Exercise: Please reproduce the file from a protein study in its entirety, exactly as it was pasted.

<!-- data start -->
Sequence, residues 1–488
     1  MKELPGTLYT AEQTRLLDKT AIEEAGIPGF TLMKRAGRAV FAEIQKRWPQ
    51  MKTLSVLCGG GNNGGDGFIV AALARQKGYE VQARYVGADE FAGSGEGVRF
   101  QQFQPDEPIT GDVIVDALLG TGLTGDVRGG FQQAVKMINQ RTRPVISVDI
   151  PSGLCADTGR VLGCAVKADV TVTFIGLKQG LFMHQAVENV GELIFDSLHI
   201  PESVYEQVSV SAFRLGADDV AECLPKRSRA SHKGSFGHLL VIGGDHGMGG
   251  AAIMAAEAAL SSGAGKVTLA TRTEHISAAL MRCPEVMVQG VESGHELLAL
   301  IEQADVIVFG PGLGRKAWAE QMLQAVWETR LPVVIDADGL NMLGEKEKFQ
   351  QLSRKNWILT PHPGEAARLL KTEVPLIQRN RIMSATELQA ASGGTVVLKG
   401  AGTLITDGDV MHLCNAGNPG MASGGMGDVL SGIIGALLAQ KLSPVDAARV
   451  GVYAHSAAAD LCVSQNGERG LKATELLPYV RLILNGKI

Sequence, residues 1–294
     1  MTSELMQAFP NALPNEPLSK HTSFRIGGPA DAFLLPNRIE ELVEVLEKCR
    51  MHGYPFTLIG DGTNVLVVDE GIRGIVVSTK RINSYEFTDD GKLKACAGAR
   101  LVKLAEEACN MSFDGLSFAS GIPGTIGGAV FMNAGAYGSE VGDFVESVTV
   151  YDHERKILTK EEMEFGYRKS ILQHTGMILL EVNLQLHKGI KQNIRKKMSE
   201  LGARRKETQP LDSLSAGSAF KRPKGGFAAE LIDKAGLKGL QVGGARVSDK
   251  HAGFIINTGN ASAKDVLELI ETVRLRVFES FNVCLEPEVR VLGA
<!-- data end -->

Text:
Sequence, residues 1–488
     1  MKELPGTLYT AEQTRLLDKT AIEEAGIPGF TLMKRAGRAV FAEIQKRWPQ
    51  MKTLSVLCGG GNNGGDGFIV AALARQKGYE VQARYVGADE FAGSGEGVRF
   101  QQFQPDEPIT GDVIVDALLG TGLTGDVRGG FQQAVKMINQ RTRPVISVDI
   151  PSGLCADTGR VLGCAVKADV TVTFIGLKQG LFMHQAVENV GELIFDSLHI
   201  PESVYEQVSV SAFRLGADDV AECLPKRSRA SHKGSFGHLL VIGGDHGMGG
   251  AAIMAAEAAL SSGAGKVTLA TRTEHISAAL MRCPEVMVQG VESGHELLAL
   301  IEQADVIVFG PGLGRKAWAE QMLQAVWETR LPVVIDADGL NMLGEKEKFQ
   351  QLSRKNWILT PHPGEAARLL KTEVPLIQRN RIMSATELQA ASGGTVVLKG
   401  AGTLITDGDV MHLCNAGNPG MASGGMGDVL SGIIGALLAQ KLSPVDAARV
   451  GVYAHSAAAD LCVSQNGERG LKATELLPYV RLILNGKI

Sequence, residues 1–294
     1  MTSELMQAFP NALPNEPLSK HTSFRIGGPA DAFLLPNRIE ELVEVLEKCR
    51  MHGYPFTLIG DGTNVLVVDE GIRGIVVSTK RINSYEFTDD GKLKACAGAR
   101  LVKLAEEACN MSFDGLSFAS GIPGTIGGAV FMNAGAYGSE VGDFVESVTV
   151  YDHERKILTK EEMEFGYRKS ILQHTGMILL EVNLQLHKGI KQNIRKKMSE
   201  LGARRKETQP LDSLSAGSAF KRPKGGFAAE LIDKAGLKGL QVGGARVSDK
   251  HAGFIINTGN ASAKDVLELI ETVRLRVFES FNVCLEPEVR VLGA